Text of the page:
Water’s Impact on Your Nutrition
Did you know that it is National Nutrition Month? Every year in March, the Academy of Nutrition and Dietetics embarks on a campaign to educate the public about healthy nutrition. Sadly, this year’s theme, “Personalize Your Plate,” has us feeling a little left out. After all, water is a big part of a healthy diet.
Yet, it is true, water isn’t often found on your plate. Or, is it? Let’s find out a little bit more about water, nutrition and your diet.
How does water intake impact your nutrition?
As the campaign title illustrates, water is not the first thing that people think of when discussing nutrition. That’s because we tend to associate nutrition with diet – specifically, the eating of solid foods. And we see solid foods as kind of an opposite to water.
But we really shouldn’t – because there is water in many of the thing we eat. That’s especially true if you’re making a conscious choice to eat healthy. Fruits, vegetables, greens… pretty much anything that grows contains moisture.
And we know how important water is to our everyday health. It plays a vital role in helping your body regulate basic functions, including keeping a normal temperature, lubricating your joints, protecting your spinal cord and getting rid of waste. Water is also a major component of blood, and, as such, a necessary element in delivering nutrients to your body’s organs.
How else does water impact your nutrition? It can help you lose weight in your quest to achieve peak physical conditioning. Water contains zero calories, and drinking it is a healthy way to suppress your appetite between meals.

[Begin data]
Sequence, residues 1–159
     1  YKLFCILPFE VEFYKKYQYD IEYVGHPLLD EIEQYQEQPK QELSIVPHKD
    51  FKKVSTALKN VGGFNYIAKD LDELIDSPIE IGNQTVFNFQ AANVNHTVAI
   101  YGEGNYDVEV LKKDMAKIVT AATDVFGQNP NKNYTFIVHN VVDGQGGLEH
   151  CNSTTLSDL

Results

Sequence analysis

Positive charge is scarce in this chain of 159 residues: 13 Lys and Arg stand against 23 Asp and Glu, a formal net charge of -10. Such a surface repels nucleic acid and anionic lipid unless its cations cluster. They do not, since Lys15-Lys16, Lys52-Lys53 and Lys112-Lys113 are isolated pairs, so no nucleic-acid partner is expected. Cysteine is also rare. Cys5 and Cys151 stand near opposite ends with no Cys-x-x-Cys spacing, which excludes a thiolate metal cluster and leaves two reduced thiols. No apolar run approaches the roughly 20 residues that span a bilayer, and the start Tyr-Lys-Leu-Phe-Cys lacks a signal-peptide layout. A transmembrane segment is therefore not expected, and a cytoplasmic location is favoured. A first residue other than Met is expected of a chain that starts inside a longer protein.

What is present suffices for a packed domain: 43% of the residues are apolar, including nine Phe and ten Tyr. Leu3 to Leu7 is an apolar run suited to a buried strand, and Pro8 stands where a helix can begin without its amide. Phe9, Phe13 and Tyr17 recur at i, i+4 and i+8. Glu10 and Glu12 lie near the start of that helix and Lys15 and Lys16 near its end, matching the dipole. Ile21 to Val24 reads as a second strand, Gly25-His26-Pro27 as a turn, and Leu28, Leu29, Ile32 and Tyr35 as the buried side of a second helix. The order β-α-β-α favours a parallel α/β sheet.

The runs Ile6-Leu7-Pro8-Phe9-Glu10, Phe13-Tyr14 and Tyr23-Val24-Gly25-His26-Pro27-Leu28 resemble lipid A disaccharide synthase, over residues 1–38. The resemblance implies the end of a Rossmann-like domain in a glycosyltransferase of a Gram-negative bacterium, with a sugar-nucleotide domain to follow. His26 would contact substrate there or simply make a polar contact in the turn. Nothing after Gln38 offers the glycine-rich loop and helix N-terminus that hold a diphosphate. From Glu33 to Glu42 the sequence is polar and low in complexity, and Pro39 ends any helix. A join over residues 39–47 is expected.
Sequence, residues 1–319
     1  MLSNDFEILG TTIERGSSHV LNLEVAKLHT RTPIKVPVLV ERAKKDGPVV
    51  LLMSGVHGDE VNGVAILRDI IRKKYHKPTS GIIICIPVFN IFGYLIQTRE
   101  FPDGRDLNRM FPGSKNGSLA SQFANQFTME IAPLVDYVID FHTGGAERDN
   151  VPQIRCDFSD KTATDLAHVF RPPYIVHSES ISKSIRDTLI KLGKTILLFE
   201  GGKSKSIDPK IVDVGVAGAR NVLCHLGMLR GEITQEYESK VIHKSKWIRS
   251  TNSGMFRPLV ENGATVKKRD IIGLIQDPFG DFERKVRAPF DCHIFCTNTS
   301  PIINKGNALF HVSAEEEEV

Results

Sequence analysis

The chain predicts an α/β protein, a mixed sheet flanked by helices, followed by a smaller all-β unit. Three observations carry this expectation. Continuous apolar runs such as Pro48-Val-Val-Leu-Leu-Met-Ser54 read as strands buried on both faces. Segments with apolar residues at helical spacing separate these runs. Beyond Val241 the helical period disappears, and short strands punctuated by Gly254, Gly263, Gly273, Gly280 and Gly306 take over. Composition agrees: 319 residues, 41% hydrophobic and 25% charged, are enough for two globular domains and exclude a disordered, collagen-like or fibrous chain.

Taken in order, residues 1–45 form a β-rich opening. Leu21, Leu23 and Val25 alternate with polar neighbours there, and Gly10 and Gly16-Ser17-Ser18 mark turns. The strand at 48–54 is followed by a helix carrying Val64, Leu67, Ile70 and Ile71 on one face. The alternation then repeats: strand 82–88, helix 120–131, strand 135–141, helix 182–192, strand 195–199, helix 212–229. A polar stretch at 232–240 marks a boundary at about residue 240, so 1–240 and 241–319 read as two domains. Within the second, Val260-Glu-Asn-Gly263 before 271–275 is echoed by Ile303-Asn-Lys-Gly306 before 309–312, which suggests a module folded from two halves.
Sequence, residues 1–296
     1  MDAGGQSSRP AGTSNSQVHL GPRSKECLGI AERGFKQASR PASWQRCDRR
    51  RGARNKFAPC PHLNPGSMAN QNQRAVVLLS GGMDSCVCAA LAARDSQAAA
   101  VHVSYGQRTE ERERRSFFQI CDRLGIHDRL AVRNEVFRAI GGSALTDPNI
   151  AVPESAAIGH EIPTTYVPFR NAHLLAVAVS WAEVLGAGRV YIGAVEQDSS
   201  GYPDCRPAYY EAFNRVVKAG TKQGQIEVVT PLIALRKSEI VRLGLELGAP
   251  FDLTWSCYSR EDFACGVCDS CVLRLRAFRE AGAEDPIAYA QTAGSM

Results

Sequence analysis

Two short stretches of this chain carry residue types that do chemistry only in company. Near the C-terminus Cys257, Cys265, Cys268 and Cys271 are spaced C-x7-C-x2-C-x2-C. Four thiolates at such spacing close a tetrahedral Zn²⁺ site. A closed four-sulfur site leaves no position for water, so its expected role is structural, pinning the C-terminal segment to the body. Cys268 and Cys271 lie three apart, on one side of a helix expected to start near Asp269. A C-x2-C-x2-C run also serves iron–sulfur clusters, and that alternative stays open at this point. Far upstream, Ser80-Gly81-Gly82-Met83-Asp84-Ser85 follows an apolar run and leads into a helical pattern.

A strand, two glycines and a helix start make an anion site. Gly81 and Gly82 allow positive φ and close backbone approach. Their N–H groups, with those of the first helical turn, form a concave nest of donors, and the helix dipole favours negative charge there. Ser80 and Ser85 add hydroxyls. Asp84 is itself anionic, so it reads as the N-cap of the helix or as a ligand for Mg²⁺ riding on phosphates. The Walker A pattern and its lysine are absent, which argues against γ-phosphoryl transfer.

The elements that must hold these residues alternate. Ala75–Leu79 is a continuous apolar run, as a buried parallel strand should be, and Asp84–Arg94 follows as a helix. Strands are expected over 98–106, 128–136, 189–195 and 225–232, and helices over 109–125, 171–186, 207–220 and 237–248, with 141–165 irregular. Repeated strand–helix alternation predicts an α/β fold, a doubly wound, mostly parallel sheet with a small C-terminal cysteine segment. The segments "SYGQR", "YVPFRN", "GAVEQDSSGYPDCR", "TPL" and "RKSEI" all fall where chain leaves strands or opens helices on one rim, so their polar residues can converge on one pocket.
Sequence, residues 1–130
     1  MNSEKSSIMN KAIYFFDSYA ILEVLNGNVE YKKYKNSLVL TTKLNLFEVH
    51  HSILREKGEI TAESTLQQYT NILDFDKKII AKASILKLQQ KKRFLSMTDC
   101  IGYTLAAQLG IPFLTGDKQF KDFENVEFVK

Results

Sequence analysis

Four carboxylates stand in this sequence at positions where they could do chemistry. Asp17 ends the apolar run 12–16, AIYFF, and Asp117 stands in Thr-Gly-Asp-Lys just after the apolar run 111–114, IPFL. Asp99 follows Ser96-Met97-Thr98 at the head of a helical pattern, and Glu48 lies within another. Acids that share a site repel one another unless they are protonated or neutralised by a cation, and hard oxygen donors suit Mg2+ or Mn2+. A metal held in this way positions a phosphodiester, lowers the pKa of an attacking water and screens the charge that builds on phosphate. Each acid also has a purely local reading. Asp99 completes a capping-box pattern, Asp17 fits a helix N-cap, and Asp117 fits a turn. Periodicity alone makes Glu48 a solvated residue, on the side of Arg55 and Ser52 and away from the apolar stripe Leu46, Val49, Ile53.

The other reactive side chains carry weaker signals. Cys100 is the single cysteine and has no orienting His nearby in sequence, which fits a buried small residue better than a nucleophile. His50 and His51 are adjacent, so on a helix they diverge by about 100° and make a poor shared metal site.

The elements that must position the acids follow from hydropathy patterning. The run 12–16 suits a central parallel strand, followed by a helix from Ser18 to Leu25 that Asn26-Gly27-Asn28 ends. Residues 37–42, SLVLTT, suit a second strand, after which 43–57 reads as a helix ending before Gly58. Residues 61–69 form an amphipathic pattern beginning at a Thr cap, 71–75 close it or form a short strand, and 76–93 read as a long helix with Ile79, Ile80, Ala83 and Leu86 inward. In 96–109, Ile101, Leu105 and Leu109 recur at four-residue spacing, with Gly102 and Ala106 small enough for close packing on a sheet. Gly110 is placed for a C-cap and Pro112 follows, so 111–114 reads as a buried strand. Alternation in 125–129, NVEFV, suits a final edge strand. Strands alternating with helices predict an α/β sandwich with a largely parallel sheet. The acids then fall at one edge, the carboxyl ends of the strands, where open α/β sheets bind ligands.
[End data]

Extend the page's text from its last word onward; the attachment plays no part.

How to Get Your Water
Many experts provide a daily recommended amount of water intake in cups, glasses, or even, gallons or liters. The U.S. National Academies of Sciences, Engineering, and Medicine, for example, recommend the following:
- 11.5 cups a day for women
- 15.5 cups a day for men
The exact amounts in the recommendations vary from source to source. However, they are almost always given in liquid measurements.
This, of course, is a misleading way to present the information, because most people don’t consume their daily dose of water in its pure, undiluted form. In fact, the average person gets only 50% of their daily water intake from drinking water. The rest comes from other beverages (30%) and solid foods (20%).
So, take that into account when you’re formulating your weekly diet plans.
Great Nutrition Through the Primo Lifestyle
Water is an important aspect of a healthy, nutritious diet. Keeping up great hydration habits is easier living the Primo Lifestyle. Get started today at www.primowater.com.